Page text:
Patrick: Absolutely. So one of the participants that I was paired up with initially, I’ve had a couple of conversations with him since and we’ve used the techniques that we learned from the course. They’ve hugely benefited our relationship and our understanding of each other. That’s helped us move things on, understand where he wants to go and highlight a things that he needs to do to get himself there. It has helped him understand it’s about him taking ownership of managing his own career. This is particularly interesting because this wasn’t a new relationship, we’ve worked together for three years. So this new way of thinking helped us find out new things about each other.
Antoinette: Often when we think about career development, we only think about the future and we don’t actually recognise that there’s a lot we can learn from reflecting on the past. And you’ve obviously got to know more about each other as well as possibly yourselves through having those reflections and those conversations.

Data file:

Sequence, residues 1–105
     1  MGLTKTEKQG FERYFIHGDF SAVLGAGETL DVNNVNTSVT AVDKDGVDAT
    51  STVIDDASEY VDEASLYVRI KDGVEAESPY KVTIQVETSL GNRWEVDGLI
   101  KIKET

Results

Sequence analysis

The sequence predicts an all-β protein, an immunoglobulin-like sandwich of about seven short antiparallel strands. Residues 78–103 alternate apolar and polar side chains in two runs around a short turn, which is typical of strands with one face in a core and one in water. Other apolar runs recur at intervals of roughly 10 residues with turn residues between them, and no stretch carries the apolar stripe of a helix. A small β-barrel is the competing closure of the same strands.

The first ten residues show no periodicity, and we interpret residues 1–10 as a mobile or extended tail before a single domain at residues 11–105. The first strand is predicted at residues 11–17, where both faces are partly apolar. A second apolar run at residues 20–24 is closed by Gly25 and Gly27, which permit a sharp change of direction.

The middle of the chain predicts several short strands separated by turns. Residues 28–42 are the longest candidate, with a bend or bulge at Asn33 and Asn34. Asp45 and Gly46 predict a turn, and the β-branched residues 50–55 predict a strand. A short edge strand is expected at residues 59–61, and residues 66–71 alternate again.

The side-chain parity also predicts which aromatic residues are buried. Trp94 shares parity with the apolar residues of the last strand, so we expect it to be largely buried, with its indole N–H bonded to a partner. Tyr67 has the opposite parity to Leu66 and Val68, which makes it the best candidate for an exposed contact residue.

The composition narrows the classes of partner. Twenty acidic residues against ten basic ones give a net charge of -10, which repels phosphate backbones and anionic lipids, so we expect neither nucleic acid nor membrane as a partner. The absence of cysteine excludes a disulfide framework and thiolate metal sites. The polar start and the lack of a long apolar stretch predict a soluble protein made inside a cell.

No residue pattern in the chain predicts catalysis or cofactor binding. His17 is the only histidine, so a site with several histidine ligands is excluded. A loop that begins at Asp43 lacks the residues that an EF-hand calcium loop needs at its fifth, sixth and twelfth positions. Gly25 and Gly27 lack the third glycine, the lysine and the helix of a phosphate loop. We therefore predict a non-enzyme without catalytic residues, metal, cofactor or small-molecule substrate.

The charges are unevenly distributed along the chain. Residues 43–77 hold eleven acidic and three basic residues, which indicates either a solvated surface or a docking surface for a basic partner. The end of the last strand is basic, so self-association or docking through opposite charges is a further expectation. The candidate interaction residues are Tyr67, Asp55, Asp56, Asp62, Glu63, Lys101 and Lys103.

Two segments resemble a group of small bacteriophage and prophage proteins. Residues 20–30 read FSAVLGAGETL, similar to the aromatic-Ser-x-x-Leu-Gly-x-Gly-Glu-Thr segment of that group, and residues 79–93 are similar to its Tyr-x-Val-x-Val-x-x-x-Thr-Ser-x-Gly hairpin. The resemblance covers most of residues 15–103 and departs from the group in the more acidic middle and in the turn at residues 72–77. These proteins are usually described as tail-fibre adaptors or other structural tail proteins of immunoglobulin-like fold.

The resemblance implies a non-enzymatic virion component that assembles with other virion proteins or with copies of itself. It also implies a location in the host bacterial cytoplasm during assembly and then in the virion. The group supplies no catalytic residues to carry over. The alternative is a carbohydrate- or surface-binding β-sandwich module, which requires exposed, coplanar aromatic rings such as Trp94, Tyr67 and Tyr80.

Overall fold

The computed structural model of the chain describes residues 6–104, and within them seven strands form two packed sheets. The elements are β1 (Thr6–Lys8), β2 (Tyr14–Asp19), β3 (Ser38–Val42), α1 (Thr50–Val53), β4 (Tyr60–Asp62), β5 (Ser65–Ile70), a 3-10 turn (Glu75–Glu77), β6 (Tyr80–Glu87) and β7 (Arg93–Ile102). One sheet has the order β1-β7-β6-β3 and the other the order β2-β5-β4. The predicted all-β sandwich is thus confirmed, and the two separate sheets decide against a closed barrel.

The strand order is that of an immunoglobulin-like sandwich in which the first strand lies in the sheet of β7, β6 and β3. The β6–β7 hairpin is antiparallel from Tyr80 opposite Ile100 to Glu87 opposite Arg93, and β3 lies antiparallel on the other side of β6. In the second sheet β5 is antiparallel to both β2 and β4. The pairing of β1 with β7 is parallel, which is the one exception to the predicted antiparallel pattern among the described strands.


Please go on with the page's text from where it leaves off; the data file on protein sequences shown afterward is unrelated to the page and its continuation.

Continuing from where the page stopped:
Patrick: Absolutely. The two of the main messages I took away from the careers conversation workshop were using positivity biased questions. Getting your people thinking about their achievements and wins and what that means moving forwards. So thinking about when you’ve achieved something, what your mindset was, and how you achieved that. The second is that career conversations don’t have to be structured. That you don’t have to have a formal meeting. It could be just sat next to each other or it could be at a water cooler. Those impromptu five minutes informal discussions can be really impactful.